I know I know. It’s a very odd title, but does it grab your attention and reel you in? Of course, and that’s why it’s a great title. That’s what great books deserve, and that’s exactly what Shaffer’s novel is.
I read this novel at the beginning of the pandemic (apologies for the delay!), and it easily earned four flames. It was moving, funny, heartbreaking and heartwarming, and just a great story. It’s also a movie on Netflix that came out in 2018. Many people have recommended this book to me, including my friend Danielle, who I watched this movie with virtually (#coronavirus). After indulging in this adventure yet again — as well as Michiel Huisman who dreamily plays Dawsey Adam — I decided to take the movie and book toe to toe.
I’ll admit I felt nervous when I began the limited TV series Normal People. With the book garnering only three flames, I had little confidence that I would enjoy the show. I had to watch it though, right? I mean this is the hottest thing happening in TV at the moment — figuratively and literally. (I saw one headline that said it is the thirstiest thing we need right now.)
So I threw out my reservations about the adaptation. I tried to forget my negative thoughts toward the novel and the depressed feelings it evoked from me. I tried to not be swayed by my past experiences, which tell me that books are always better than their adapted screen versions. I took Normal People — TV versus book — toe to toe.
America loves its Friday nights on the gridiron. Small towns showing up to the stands in droves as they cheer on their teams of young boys with big dreams. It’s quintessential Americana. It loves it so much that, when a nonfiction book was published about it (along with many other sociological themes) in 1989, a movie by the same name premiered 15 years later and a TV show two years after that. They both starred the great Connie Britton, so you know they have reach and power.
Yes, Friday Night Lights and everything it represents and demonstrates has become ingrained in American culture. Clearly, we’re all a little obsessed with high school football. But with three types of media focused on this theme, which one does Big Little Literature love most?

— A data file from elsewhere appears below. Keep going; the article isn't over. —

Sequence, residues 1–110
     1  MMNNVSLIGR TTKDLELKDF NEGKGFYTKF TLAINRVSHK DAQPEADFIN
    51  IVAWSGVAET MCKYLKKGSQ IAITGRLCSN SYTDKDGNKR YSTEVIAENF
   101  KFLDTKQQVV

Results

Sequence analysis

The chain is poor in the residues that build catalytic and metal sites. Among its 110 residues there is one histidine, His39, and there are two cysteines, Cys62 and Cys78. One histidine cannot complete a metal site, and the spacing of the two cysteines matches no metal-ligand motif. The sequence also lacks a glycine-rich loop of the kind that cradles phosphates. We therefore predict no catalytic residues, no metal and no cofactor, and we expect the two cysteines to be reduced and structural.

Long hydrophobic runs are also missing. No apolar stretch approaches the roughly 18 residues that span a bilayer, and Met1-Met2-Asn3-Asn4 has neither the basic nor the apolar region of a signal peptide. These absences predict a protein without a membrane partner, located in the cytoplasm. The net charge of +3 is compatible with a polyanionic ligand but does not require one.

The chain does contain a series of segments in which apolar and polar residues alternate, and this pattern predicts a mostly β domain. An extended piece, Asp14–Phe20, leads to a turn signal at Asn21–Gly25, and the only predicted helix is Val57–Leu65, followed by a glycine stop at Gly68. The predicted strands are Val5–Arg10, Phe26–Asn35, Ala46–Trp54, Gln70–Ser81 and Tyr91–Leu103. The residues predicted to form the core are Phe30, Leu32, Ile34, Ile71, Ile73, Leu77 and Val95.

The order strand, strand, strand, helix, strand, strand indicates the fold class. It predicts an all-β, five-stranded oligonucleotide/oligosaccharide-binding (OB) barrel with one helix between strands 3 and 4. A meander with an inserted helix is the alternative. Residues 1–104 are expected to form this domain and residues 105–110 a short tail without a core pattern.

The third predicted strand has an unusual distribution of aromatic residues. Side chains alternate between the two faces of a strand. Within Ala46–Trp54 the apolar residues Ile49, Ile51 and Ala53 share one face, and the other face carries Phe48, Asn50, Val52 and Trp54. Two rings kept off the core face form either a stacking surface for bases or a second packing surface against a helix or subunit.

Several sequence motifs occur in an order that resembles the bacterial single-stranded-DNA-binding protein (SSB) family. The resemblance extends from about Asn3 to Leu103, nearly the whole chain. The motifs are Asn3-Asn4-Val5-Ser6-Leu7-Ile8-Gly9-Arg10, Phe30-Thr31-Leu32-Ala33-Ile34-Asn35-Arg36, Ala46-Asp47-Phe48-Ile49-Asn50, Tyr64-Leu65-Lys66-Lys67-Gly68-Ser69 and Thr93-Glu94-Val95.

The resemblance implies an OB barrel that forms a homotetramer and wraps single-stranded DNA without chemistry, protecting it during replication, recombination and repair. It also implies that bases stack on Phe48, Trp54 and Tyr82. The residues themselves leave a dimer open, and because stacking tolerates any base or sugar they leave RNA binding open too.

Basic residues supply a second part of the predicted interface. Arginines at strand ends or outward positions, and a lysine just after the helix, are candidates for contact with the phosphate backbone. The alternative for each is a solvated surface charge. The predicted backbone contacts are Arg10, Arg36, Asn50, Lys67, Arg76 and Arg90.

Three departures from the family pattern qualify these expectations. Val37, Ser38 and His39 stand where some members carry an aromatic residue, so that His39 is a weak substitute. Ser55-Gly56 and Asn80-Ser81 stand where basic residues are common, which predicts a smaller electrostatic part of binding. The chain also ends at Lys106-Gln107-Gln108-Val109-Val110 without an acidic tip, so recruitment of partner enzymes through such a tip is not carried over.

Although I’ve also watched the television series, that was five years ago, and my memory necessitates more time to relive the show than the movie. So we’re going to narrow our focus a bit. Friday Night Lights, it’s time to go toe to toe: book versus movie.
Resolutions definitely guided my reading choices in 2019. Even if I didn’t fully succeed, I was at least conscious of them while picking out some of the books I read. I’d like to keep on this resolution road because it’s changed my mind about memoirs, forced me to think about diversity when choosing authors, and influenced me to dabble in other genres. (I’d also be remiss if I didn’t give resolution-making the credit for five straight years of flossing every day.)
This year, though, rather than thinking about the types of books I want to read, I’m focusing my resolutions on my baby, Big Little Literature. My greatest joy is sharing my thoughts and feelings about books with you all, so for 2020, I want to think of new ways (and revisit some old ones) on how to grow our community and improve the BLL experience. Check out my 2020 resolutions below.
A friend of a friend (this is already so on par with the subject) told me that if you hadn’t read Crazy Rich Asians, don’t wait to do so before seeing the movie. The whole “it’s not like the book!” will sway your opinion of the movie. Well, I have one thing to say about that.
If you haven’t read my review of Kevin Kwan’s bestseller, 1.) what are you waiting for? and 2.) you should know I love this book. It was easily five flames. Naturally, that gave me mixed feelings about seeing the movie. Books are always better than the movies they inspire (The Notebook being the only exception); even though I know this, I never want to leave a theater being let down.
Lucky for me, Crazy Rich Asians met my expectations on the silver screen; so much so that I would also say the movie is completely lit. But was it better than the book? Let’s find out as I take CRA toe to toe: book versus movie.
This storyline makes for great TV too, and on May 6, Starz premiered a six-episode Sweetbitterbased on a screenplay written by Danler who also worked as an executive producer. Brad Pitt’s production company, Plan B, coproduced the series.
It would be a shame if Big Little Literature let this opportunity pass; therefore, it’s time for Sweetbitter to go toe to toe: book versus TV show.
Jeff VanderMeer‘s novel Annihilation caught on the adapted screenplay train rather quickly. Just four years after being released to sci-fi lovers in hardback, the story is being shown on the silver screen, with Natalie Portman on board. The book is the first in the Southern Reach trilogy and tells the story of four women who set off to explore Area X, a remote area filled with mystery. As members of the twelfth expedition, Lena (Portman) and the others try to determine what has caused Area X to appear. Searching for answers, they are instead stricken with paranoia of what may lurk beyond each corner.
It’s only natural that movies and the books that they’re the based off will be compared to one another. Therefore, it’s time to go toe to toe with Annihilation: book versus movie.